NEXT year will be the 100-year anniversary of the Gallipoli landing during World War I.
In Australia we will be swamped by an orgy of publicity – in the press, on television and radio and at public events with documentaries, mini-series, wreath-laying ceremonies, nationalistic cant and pilgrimages to Turkey.
I’m not looking forward to it.
The Australian public has long been seduced by the sentimentality of war and, by extension, mass tragedy.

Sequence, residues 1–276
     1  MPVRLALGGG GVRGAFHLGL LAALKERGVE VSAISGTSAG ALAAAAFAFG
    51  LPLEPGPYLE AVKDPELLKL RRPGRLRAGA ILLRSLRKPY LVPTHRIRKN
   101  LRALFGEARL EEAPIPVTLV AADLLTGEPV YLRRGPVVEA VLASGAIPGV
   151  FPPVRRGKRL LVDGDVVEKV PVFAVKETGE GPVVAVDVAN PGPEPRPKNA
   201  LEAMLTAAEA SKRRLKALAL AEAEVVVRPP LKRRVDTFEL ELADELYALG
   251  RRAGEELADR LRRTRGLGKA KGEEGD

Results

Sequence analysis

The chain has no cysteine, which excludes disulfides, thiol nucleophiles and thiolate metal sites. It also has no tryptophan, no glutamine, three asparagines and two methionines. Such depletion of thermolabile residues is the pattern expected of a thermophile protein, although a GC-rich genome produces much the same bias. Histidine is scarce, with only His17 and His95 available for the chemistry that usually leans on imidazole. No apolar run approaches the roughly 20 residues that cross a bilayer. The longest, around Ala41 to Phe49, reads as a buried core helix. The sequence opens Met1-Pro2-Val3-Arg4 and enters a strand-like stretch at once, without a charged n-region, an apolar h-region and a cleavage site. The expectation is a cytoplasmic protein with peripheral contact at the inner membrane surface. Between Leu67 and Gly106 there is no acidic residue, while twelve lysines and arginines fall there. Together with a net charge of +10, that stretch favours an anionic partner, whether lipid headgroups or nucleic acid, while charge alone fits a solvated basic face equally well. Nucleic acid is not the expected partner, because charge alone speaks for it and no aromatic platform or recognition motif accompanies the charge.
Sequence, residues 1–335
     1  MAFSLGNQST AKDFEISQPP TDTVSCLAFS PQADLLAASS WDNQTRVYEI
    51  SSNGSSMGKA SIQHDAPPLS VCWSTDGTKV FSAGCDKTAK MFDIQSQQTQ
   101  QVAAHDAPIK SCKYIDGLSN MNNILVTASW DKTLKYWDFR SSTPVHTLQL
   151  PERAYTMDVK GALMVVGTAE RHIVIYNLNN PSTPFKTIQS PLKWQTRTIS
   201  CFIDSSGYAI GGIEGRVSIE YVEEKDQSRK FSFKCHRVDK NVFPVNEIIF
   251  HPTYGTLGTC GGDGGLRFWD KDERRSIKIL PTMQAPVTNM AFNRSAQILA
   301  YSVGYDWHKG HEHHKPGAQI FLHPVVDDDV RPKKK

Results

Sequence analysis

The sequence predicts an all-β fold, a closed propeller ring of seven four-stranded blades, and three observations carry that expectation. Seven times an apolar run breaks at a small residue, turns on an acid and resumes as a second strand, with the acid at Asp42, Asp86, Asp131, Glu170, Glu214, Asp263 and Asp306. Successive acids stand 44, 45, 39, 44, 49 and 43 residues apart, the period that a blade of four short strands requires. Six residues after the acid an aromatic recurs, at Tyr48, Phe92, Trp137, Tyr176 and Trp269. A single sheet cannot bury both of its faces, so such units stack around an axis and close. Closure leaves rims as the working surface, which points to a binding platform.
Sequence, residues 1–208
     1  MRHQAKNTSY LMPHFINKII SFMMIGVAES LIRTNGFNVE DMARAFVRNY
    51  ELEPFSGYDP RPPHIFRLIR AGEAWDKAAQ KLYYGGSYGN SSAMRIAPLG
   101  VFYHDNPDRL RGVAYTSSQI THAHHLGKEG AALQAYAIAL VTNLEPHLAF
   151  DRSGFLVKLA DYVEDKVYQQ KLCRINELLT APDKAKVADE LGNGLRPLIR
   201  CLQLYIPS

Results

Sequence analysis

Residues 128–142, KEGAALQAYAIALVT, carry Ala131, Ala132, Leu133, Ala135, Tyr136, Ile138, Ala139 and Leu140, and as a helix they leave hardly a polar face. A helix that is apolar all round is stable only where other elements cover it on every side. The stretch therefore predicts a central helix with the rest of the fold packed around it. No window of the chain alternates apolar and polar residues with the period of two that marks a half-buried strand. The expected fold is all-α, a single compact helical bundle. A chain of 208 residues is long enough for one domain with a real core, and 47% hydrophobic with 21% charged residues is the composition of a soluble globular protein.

By any measure the outpouring linked to the recent siege in Sydney was extraordinary. It eclipsed even the public grief on display following the Bali bombings, the Asian tsunami and the loss of the Malaysian aeroplane in the Ukraine.